Haymarket has been a cultural touchstone for many members of the left in this country and abroad. Regardless of their specific beliefs, which often differ from one another, they have seen themselves as kindred spirits to the men buried at Waldheim, whose story helped them understand and define their own lives and times.

Among these heirs of Haymarket, for example, was Eugene Victor Debs, who wrote an essay on the Haymarket defendants, titled "The Martyred Apostles of Labor," which originally appeared in 1898. Debs called the accused "the first martyrs in the cause of industrial freedom," contending that "one of the supreme duties of our civilization, if indeed we may boast of having been redeemed from savagery, is to rescue their names from calumny and do justice to their memory."

Debs's kinship to the Haymarket defendants extended to his romantic revolutionary spirit, his concern with worker pride and social injustice, and his propensity for dramatic rhetoric. An example of the last from "The Martyred Apostles of Labor":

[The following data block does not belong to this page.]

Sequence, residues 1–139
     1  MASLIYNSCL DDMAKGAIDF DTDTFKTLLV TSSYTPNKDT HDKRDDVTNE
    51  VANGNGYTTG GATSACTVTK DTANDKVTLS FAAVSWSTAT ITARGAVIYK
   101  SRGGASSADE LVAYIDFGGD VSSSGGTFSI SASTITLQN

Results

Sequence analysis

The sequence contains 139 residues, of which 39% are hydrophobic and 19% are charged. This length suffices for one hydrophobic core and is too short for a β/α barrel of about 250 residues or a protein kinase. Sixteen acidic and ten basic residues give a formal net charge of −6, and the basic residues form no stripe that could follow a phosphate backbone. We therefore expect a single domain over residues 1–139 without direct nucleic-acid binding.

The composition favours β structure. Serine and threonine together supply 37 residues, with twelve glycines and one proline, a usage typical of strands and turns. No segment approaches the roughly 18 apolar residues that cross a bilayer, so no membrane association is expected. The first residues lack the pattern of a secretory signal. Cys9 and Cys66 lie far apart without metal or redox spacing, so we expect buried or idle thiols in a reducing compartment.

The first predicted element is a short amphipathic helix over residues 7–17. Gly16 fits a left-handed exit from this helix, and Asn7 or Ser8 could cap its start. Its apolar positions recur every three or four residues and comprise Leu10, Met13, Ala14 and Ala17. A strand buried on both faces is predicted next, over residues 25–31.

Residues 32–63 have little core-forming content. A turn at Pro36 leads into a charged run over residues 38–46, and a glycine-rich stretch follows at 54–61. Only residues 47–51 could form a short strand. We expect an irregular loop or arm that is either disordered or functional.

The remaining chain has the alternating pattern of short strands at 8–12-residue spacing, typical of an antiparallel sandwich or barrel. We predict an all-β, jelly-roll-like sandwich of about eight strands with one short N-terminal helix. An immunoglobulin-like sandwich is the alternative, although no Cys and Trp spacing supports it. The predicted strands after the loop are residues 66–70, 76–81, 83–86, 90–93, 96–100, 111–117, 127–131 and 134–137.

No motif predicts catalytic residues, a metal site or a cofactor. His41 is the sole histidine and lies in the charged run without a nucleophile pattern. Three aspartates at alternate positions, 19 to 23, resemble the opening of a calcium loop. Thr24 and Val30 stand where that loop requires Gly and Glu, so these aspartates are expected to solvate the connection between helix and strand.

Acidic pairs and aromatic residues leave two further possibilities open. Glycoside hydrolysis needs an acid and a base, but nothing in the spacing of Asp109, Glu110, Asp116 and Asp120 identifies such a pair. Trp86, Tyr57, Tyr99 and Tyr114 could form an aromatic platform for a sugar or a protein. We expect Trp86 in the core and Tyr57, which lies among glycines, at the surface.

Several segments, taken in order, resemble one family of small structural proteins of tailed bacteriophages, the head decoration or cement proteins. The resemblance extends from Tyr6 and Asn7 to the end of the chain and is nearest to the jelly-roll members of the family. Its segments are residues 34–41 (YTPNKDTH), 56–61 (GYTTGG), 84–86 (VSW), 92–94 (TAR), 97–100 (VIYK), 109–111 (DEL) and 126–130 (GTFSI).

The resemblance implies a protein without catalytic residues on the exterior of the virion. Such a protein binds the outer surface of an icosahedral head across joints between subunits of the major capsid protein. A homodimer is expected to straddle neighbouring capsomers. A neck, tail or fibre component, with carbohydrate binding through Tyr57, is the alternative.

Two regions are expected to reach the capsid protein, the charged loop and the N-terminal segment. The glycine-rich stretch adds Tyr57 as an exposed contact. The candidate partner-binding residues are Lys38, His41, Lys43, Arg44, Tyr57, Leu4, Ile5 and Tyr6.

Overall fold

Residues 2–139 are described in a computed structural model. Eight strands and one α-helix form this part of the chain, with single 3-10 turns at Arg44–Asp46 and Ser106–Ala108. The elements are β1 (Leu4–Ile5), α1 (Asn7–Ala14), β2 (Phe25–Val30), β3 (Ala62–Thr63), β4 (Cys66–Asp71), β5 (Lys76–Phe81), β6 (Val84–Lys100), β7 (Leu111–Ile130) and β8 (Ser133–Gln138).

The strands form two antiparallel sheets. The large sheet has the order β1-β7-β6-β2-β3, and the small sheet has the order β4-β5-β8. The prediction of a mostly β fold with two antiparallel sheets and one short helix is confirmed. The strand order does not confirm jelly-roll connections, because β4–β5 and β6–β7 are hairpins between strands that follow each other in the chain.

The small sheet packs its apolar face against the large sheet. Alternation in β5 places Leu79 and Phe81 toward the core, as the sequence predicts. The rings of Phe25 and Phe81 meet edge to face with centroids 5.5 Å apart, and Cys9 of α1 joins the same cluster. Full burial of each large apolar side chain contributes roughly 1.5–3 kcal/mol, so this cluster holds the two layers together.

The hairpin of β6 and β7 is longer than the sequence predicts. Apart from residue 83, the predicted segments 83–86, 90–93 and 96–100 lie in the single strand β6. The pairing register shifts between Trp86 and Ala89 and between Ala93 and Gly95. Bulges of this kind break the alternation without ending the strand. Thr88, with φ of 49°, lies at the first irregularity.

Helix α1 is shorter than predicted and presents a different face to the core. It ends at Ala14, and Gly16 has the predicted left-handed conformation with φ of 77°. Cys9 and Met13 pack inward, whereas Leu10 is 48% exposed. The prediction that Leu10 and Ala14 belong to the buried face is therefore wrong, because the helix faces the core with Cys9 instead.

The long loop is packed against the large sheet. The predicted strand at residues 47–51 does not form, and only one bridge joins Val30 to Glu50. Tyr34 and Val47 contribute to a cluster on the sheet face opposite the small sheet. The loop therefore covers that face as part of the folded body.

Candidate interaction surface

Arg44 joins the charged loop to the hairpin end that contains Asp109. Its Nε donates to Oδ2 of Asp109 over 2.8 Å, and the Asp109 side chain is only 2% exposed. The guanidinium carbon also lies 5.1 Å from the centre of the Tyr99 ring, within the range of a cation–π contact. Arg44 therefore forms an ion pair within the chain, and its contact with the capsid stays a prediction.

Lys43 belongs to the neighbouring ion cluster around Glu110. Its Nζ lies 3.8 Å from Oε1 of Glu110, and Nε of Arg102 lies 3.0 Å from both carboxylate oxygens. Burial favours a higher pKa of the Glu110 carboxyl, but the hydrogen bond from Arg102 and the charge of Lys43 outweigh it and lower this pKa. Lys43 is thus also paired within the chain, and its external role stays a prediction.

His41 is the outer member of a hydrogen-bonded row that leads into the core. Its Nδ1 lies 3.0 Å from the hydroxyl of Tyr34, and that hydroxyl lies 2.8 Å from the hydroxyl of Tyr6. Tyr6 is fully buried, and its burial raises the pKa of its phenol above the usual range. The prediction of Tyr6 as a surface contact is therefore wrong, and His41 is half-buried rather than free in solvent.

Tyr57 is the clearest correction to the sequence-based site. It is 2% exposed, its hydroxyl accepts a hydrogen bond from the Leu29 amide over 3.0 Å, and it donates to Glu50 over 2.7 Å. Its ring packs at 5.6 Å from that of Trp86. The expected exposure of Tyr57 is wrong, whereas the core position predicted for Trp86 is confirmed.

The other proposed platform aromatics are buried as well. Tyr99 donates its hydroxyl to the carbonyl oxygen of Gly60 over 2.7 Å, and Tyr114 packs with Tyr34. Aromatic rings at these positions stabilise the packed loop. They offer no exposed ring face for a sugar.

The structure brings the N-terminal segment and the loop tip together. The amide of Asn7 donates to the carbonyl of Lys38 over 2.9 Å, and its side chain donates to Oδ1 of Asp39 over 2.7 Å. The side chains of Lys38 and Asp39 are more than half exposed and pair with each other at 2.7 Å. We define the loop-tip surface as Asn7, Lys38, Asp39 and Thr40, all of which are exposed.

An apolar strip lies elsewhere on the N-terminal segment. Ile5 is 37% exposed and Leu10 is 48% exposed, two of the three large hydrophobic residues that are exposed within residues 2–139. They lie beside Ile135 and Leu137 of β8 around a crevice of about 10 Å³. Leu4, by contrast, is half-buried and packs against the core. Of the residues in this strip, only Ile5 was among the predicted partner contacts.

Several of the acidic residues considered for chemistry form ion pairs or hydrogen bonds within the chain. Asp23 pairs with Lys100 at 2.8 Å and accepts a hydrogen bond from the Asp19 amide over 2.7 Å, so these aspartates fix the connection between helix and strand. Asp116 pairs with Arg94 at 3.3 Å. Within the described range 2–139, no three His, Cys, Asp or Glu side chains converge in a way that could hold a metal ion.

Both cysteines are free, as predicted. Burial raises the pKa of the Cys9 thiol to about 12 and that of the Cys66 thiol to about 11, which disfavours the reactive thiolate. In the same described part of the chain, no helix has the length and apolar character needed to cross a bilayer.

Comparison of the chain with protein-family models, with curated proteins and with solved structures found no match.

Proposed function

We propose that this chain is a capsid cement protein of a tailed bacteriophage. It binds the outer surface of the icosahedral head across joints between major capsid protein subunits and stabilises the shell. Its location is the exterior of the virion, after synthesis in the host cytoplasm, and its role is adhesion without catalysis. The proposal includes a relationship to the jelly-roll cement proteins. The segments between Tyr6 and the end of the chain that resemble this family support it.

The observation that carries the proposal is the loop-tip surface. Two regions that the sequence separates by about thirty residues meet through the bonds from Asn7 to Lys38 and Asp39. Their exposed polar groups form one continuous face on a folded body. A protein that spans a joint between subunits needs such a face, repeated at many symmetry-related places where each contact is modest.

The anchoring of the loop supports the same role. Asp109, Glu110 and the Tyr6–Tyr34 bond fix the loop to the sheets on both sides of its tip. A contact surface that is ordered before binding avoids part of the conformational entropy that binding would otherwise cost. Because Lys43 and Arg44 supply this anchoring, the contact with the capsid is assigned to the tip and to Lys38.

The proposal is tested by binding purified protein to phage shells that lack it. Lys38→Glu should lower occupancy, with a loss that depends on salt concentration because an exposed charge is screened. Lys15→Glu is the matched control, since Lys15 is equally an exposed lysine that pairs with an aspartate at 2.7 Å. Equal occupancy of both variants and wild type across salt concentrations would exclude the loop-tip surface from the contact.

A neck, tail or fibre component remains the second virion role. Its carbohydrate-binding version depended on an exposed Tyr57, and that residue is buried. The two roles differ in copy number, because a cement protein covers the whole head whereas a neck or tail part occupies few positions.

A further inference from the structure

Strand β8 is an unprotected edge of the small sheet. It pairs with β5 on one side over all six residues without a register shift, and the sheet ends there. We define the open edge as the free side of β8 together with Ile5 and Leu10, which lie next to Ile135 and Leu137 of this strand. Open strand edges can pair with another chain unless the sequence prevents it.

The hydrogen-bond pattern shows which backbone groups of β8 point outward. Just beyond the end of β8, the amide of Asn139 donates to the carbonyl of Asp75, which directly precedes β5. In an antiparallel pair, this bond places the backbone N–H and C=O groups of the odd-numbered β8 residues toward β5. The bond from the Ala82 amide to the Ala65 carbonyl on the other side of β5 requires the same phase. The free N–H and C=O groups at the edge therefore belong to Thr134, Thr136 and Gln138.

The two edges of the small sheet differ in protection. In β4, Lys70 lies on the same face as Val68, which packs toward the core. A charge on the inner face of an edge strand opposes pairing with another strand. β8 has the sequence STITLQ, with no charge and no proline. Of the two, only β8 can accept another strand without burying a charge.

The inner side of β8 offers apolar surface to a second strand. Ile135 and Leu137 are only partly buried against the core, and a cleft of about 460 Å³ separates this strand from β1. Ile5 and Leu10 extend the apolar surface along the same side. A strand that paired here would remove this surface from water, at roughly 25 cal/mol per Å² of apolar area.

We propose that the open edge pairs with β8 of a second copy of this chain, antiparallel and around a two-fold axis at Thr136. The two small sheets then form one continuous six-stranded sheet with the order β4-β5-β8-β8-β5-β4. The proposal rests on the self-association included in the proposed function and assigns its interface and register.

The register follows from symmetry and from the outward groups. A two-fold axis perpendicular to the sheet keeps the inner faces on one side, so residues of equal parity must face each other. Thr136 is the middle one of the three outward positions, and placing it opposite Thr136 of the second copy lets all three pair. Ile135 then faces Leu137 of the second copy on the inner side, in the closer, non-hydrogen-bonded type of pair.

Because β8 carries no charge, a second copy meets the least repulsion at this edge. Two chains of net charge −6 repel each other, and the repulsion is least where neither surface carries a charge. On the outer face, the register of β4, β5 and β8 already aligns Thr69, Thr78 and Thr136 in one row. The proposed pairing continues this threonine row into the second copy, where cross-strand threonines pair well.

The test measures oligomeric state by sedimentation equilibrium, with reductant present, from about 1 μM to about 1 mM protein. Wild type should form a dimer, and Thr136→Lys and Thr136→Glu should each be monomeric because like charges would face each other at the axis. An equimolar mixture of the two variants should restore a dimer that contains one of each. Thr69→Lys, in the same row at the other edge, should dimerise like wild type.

"And as the struggle for justice proceeds and the battlefields are covered with the slain, as Mother Earth drinks their blood, the stones are given tongues with which to denounce man's inhumanity to man—aye, to women and children, whose moanings from hovel and sweatshop, garret and cellar, arraign our civilization, our religion and our judiciary—whose wailings and lamentations hushing to silence every sound the Creator designed to make the world a paradise of harmonies, transform it into an inferno where the demons of greed plot and scheme to consign their victims to lower depths of degradation and despair."

Debs (1855-1926) was an Indiana-born locomotive fireman who in 1893 became president of the American Railway Union, one of the first major labor groups organized by industry rather than by individual craft or trade. He was imprisoned six months for contempt of court because of his role in leading a sympathetic labor boycott during the 1894 Pullman Strike.

As a result of this experience and his reading in political philosophy, Debs became a leader in the organization of the new Socialist Party at the turn of the century. In 1905 he was also among the founders of the International Workers of the World, though he split from this organization because his own views were more moderate. He ran for president of the United States five times on the Socialist ticket—in every election but one from 1900 to 1920. During his last campaign he was in prison again for his attacks on the federal government's enforcement of the Espionage Act of 1917.